The Vestry Hall, Mitcham November 14.”
Some 5,000 people had gathered for the unveiling ceremony at Lower Green, Mitcham on a cold, but fine, November day.
The details of the ceremony on Sunday 21st November were covered in a lengthy article published in the “Mitcham and Tooting Mercury” on 26th November, 1919.
UNVEILING OF MITCHAM’S WAR MEMORIAL.
The war shrine, situated on the Lower Green, Mitcham, was unveiled last Sunday by Major-General Sir H. E. Watts, K.C.B., C.M.G. (formerly commanding the 7th Division and 19th Corps, B.E.F.). The weather, although very cold, was fine, and about 5,000 people were present at the unveiling.
Alderman R. M. Chart (Chairman of the War Memorial Committee) said that this shrine was to commemorate the self-sacrifice of those who made the supreme sacrifice, and show our undying sorrow felt by those who have lost dear ones in the late war. Two years ago the war terminated, and in February, 1919, a committee was formed for the purpose of raising funds for the war shrine. There was some difficulty as to the most prominent place for the shrine, and on Peace Day, when the temporary memorial was put behind the Vestry Hall, it was proposed that that should be the site for the permanent one. It is also proposed now that a fencing should be placed round the shrine, but with facilities for the public to place flowers on it, which he (Mr. R. M. Chart) was sure they would do from time to time. He also said that every effort had been made to obtain the names of men who had been killed in action or died of wounds, and, at present, there were 557 names inscribed on the shrine, and since then more had come to hand, and would be inscribed in due course. The speaker then said it was his duty and pleasure to introduce Major-General Sir H. E. Watts, K.C.B., C.M.G., who had served his country well in the late war. He was commanding in the first and third Battle of Ypres.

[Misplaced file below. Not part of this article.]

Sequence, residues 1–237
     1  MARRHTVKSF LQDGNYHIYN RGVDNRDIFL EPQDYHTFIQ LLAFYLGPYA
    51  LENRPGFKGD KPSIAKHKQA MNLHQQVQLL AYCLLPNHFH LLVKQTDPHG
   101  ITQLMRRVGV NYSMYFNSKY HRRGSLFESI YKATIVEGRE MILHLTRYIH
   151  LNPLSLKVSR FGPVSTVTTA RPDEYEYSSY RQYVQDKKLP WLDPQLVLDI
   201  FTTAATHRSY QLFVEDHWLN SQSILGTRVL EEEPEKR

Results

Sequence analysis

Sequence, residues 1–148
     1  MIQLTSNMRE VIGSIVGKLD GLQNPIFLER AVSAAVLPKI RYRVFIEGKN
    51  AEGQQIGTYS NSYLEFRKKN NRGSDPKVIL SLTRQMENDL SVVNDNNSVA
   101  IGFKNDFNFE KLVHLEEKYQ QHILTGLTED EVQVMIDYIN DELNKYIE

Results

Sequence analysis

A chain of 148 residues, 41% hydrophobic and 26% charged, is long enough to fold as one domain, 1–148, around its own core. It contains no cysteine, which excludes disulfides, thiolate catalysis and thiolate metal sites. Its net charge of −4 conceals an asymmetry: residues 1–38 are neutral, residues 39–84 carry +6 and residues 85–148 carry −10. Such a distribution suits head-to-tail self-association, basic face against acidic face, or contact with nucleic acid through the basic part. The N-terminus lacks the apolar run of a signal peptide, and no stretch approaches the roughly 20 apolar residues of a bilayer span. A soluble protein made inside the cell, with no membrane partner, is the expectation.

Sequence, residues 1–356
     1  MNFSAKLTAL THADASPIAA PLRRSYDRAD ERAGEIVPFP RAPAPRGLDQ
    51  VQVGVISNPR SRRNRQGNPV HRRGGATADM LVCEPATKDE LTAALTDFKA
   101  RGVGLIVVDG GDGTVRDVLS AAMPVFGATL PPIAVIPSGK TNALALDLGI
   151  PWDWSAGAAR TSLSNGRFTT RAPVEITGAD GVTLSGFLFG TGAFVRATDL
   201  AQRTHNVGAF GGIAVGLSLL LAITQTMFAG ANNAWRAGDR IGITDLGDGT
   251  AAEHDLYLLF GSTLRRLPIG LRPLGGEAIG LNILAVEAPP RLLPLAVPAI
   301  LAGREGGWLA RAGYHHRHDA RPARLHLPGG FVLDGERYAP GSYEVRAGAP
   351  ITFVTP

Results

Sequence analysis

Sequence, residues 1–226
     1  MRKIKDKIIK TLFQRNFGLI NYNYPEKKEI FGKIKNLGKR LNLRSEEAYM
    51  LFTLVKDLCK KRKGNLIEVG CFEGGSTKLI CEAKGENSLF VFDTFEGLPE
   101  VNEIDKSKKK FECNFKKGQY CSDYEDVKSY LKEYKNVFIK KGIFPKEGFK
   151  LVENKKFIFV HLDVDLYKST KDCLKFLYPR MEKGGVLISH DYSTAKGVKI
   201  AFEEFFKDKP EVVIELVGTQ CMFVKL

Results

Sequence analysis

Major-General Sir H. E. Watts, K.C.B., C.M.G., said, after what Mr. Chart had said, there was not much more to say, but there was one incident that he would like to remind them of, and that was the late Earl Kitchener’s appeal of “Your King and Country need you,” at the beginning of the war, in which all men flocked to enlist. “Why !” because they knew that they were going to fight for freedom and endure the hardships of war, which was a fine example of self-sacrifice and unselfishness. All honour was due to them who came forward at the country’s call. The men, women and children were also a great help, for, while we soldiers were fighting, those at home endured many hardships, but without murmuring. He then unveiled the memorial, and the “Last Post” was played by buglers of the East Surrey Regiment.